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    The Genetics of Procrastination

    Written by

    Ben Richmond

    Contributing Editor

    Look at this family, sharing genes and procrastinating together. Image: Alma Brown/Flickr

    Yesterday, while catching up on my correspondence, I half-excused myself for taking three months to reply to a letter by blaming a procrastination streak exhibited in both my father and his father before him. As it was a letter to my cousin, I also tried to implicate my uncle, just to be safe.

    I was really just trying to save face, so you can imagine my surprise to discover my lie had become the truth overnight, and was supported by a study in the journal Psychological Science. Turns out there is a genetic component to doing tomorrow what could be done today.

    While the study won’t answer whether or not procrastination is transferred via the Y chromosome as I unwittingly postulated, the team of University of Colorado Boulder researchers managed to uncover procrastination’s link to impulsiveness.

    "Everyone procrastinates at least sometimes, but we wanted to explore why some people procrastinate more than others and why procrastinators seem more likely to make rash actions and act without thinking," psychological scientist and study author Daniel Gustavson explained. "Answering why that's the case would give us some interesting insights into what procrastination is, why it occurs, and how to minimize it."

    Presumably without wasting even a minute, the researchers got right down to business and started studying human twins. Identical twins—who share 100 percent of their genes—tend to show greater similarities in behavior than fraternal twins, who only share half of their genes like any other siblings.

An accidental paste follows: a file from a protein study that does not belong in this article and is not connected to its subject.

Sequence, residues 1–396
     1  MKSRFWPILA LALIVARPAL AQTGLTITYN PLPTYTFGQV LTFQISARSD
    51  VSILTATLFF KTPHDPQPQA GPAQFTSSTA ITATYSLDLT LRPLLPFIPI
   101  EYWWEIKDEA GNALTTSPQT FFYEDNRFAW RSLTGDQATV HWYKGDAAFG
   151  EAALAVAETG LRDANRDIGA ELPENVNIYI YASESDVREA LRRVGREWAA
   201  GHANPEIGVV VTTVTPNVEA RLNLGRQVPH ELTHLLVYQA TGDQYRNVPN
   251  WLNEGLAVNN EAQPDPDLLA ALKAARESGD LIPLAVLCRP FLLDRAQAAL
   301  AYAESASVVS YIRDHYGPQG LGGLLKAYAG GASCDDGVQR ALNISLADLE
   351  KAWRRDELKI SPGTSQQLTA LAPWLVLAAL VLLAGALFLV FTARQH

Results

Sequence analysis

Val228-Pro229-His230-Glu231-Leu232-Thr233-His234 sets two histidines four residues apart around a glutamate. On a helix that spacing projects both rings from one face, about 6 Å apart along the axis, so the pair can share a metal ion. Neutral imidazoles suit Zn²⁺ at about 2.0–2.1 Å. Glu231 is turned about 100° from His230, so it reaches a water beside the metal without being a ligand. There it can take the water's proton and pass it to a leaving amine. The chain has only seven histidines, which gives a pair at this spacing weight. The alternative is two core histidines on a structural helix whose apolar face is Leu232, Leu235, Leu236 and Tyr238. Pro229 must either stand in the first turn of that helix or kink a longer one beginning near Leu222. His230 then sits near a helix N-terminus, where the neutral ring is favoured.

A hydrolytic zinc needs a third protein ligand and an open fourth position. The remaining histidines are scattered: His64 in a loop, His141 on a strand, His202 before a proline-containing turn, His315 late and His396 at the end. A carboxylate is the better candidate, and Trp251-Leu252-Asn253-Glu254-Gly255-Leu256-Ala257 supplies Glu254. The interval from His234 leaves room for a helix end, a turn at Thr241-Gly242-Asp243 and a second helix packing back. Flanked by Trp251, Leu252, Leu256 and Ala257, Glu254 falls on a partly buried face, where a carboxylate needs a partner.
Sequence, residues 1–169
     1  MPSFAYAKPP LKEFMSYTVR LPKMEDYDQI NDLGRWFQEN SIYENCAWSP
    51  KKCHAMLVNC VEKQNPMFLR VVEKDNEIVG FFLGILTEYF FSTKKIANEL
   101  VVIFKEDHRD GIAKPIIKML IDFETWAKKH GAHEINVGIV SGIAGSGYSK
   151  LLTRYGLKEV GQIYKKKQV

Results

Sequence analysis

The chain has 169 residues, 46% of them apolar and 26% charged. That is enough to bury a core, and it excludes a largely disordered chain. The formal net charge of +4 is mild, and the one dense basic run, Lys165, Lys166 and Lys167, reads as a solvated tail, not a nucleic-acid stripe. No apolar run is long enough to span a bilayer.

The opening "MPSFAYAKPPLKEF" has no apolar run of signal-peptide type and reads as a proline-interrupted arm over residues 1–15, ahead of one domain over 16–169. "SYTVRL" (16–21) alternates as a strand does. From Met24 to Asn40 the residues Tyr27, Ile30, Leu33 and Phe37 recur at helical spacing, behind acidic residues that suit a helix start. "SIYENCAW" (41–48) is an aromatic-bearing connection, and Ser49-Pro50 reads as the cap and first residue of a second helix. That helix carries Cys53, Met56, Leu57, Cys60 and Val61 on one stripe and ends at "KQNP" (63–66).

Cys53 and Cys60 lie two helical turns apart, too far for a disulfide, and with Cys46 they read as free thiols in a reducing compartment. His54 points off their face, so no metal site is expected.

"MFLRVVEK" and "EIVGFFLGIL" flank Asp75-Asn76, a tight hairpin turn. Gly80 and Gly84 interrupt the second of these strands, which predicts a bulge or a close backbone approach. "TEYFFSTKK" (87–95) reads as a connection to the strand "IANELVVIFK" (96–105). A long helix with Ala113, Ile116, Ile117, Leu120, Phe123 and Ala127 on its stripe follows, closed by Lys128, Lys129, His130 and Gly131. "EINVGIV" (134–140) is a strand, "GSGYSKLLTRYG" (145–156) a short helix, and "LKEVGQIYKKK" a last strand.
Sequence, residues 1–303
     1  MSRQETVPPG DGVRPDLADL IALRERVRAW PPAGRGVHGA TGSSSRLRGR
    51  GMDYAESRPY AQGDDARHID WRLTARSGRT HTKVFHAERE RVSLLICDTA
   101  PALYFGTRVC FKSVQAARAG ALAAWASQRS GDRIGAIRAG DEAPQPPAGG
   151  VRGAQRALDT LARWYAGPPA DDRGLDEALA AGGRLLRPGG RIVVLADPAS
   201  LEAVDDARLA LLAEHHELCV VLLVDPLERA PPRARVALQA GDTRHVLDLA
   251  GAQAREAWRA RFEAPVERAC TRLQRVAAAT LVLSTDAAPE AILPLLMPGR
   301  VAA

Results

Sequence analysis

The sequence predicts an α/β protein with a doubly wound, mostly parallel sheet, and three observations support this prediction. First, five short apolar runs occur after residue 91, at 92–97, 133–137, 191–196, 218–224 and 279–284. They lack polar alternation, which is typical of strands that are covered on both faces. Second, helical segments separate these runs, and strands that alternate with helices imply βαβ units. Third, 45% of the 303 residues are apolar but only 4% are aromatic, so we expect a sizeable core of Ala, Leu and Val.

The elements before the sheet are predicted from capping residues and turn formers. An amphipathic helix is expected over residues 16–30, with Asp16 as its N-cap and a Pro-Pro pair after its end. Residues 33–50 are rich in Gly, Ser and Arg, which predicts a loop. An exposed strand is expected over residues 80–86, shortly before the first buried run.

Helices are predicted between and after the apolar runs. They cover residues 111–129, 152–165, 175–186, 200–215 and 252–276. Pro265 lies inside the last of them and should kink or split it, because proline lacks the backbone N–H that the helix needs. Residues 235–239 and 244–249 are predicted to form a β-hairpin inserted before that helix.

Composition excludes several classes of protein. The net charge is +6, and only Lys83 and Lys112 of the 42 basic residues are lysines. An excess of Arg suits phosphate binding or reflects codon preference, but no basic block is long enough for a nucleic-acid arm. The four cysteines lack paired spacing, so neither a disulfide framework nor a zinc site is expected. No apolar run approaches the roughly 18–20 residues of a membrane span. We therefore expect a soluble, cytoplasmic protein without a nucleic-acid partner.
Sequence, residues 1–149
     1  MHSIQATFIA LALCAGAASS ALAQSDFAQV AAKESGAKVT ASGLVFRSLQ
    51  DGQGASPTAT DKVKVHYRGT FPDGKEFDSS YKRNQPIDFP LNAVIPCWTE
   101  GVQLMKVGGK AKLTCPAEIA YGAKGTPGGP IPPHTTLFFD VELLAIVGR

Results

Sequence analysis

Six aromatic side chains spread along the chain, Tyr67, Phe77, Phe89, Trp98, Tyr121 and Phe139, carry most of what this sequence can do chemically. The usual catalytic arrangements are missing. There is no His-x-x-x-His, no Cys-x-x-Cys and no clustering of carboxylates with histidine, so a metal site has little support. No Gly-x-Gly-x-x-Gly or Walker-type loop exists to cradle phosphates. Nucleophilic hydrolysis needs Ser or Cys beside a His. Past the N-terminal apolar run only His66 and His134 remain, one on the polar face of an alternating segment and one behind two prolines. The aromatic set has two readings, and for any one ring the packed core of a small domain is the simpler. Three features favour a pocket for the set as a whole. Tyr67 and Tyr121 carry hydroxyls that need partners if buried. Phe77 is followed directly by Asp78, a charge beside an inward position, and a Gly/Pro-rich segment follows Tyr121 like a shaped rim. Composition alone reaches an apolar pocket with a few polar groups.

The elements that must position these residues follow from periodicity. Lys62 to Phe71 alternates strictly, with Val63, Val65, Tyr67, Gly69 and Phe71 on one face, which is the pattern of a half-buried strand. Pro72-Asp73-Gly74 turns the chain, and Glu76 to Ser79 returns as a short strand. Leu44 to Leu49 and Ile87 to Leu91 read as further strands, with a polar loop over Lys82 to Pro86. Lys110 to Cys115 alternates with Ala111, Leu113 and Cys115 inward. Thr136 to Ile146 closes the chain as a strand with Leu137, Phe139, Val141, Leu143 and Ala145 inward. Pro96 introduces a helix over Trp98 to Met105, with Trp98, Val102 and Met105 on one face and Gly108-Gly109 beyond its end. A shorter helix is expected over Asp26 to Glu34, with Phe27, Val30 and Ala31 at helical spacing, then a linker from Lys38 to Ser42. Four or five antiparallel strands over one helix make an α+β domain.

After having 181 identical twin pairs and 166 fraternal twin pairs complete several surveys intended to uncover their tendencies toward impulsivity and procrastination, and their ability to set and maintain goals, researchers found that procrastination and impulsiveness are both at least moderately heritable. The results of the survey also suggest that the traits could not be separable at a genetic level.

    Of course, genes are but a small part of your behavior, and one study that relies on self-reporting is far from the final word on the subject, so it's probably not a great idea to make your genes your go-to excuse just yet.

    It’s interesting how, at least in the last few months, it seems like taking surveys is how people procrastinate—that is, unless everyone is really dutifully waiting until all their work is done before determining (and announcing) which Disney princess they are. But the idea of clicking over to be BuzzFed another generous helping of something inane is also a tidy example of the connection between procrastination and impulsiveness—following an impulse instead of following your plan.

    Sometimes that means your cousin gets left in the lurch for a couple of months while you sort other things out. The flip side of the coin, though, is that I only finally sat down and wrote a reply on an impulse—while procrastinating from doing my taxes.

    Topics: procrastination, psychology, science, culture

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